The Rockets have done an excellent job of banding together in the aftermath of Yao’s injury, playing solid ball and beating less-talented teams.
Heading into what promises to be a hellish month, if the Rockets plan to continue their ascent in the West—not a crazy notion given the Blazers’ (1.5 games ahead) injury woes, the Hornets’ (3.5 ahead) lackluster play after a strong start and the likelihood that the Nuggets (3.5 ahead) will be in rebuilding mode by late February—they’re going to have to get something out of their near-$18 million investment.
The team’s needs are clear: Defense and another big body on the inside. The time has come to trade Yao Ming and build a team around the guys that are actually on the floor.
Other than the 7’6” elephant in the room (I realize that’s not a large elephant, but humor me), the Rockets have plenty of cause for optimism.
This team boasts a number of very talented pieces: an exceptional rebounder and inside scorer (Luis Scola), a two-guard with range that moves without the ball and gets to the line (Kevin Martin), a pair of solid perimeter defenders (Shane Battier and Courtney Lee) and perhaps the NBA’s best PG duo (Aaron Brooks and Kyle Lowry)—all of whom are signed to reasonable, or at least non-cap-killing, contracts.
This is a great supporting cast with (understandably) no superstar to support.
It’s unlikely that at this point the Rockets will make a run at any of the league’s biggest names. However, all season, the Rockets have ranked near the bottom of the league in terms of defense: They currently rank seventh worst (tied with the Clippers) in points allowed per 100 possessions (106.3), fourth worst in forcing turnovers (12.7 per 100 possessions) and allow 21.8 field goal attempts per game “at the rim.”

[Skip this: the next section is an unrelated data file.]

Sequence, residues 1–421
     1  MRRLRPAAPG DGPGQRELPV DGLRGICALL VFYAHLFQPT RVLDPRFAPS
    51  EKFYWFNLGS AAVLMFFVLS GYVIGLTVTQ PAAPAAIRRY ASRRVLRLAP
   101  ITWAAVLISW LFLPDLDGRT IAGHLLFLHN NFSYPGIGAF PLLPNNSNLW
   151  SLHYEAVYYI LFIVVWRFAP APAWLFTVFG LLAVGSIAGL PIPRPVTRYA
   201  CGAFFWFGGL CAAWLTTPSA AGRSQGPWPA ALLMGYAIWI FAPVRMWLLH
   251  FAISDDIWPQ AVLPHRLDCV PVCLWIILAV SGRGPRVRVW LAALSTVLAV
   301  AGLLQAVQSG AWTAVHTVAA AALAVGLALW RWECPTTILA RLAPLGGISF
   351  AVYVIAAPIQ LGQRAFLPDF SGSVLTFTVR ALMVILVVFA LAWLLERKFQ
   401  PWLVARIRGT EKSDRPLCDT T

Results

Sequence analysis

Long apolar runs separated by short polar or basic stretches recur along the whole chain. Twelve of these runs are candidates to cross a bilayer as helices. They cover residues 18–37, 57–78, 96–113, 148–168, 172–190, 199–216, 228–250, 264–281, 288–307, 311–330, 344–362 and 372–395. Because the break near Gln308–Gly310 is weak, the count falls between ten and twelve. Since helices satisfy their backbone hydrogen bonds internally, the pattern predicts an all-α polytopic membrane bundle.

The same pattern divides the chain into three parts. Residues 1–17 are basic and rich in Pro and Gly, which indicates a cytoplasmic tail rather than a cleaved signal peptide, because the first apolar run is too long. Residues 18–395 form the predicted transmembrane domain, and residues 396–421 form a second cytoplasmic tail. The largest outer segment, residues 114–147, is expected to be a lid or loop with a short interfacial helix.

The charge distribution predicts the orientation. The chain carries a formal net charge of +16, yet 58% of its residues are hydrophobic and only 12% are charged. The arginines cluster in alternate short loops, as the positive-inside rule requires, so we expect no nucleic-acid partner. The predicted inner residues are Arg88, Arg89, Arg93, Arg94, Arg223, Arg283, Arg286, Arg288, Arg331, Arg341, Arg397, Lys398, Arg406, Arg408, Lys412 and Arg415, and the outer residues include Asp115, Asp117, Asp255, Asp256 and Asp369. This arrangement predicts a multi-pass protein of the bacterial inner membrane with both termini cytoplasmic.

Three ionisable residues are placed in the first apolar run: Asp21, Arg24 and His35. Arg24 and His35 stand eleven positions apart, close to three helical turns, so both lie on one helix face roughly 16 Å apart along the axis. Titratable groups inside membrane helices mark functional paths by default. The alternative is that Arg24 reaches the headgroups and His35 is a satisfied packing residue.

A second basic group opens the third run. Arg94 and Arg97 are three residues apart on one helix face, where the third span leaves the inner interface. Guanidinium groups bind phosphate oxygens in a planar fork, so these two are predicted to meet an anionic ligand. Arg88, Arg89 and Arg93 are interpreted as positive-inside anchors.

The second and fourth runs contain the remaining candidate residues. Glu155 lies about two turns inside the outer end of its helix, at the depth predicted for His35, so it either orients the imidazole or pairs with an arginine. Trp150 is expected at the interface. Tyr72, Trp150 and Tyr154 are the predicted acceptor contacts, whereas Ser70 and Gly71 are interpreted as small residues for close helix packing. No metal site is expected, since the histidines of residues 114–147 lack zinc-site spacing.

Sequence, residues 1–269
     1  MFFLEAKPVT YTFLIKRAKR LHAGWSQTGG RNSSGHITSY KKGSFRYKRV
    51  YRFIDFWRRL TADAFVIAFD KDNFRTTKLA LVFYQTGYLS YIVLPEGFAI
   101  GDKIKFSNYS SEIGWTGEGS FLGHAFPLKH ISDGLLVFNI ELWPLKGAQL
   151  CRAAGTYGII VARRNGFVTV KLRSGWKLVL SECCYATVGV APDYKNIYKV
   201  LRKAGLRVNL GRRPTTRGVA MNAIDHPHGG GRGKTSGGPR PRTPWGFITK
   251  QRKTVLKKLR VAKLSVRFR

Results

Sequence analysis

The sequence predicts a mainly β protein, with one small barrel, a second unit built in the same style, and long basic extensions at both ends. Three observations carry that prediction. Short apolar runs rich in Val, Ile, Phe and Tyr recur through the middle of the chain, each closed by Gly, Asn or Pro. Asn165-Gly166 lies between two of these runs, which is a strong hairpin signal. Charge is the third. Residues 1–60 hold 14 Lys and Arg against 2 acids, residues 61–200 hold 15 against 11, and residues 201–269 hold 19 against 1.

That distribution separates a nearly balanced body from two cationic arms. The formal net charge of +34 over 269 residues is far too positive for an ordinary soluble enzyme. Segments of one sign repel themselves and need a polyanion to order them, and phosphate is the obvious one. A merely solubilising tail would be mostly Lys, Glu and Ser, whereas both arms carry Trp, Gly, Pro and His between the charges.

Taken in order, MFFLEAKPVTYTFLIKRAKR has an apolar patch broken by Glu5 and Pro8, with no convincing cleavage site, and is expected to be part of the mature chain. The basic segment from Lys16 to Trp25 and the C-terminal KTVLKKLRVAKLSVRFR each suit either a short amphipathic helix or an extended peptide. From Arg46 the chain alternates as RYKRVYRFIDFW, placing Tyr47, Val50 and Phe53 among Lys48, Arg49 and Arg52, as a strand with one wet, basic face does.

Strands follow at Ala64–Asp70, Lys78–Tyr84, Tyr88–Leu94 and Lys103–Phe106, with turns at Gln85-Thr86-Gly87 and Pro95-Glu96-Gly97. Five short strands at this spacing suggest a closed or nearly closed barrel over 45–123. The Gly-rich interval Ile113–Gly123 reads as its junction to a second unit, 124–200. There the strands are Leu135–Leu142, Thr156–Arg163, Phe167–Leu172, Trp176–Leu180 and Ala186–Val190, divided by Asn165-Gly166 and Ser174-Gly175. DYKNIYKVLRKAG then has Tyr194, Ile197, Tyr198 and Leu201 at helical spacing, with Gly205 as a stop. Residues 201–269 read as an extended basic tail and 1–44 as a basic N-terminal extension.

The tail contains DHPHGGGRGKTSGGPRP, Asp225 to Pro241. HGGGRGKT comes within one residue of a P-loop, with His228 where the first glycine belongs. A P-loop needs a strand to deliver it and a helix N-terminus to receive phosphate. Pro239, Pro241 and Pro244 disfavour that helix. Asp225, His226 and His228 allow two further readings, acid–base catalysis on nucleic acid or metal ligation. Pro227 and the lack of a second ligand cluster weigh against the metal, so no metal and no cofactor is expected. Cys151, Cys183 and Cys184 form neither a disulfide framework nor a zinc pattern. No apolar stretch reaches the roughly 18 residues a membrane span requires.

Also, they've been consistently lit up by opposing 2/3’s, particularly those that like to put the ball on the floor. Through nine weeks, Al Harrington (28), Manu Ginobili (28), Rudy Gay (29), Kevin Durant (32—this one’s not too bad), Monta Ellis (46 and 44—these ones are), Dwyane Wade (45) and DeMar DeRozan (37, a career high) have all torched the Rockets for scoring nights well in excess of their season averages.
Given the magnitude of the financial relief Yao’s contract will provide, the Rockets’ front office should have little trouble parlaying the big man into an experienced defender with some offensive skills who should fit right in with the quality cast that’s already in place.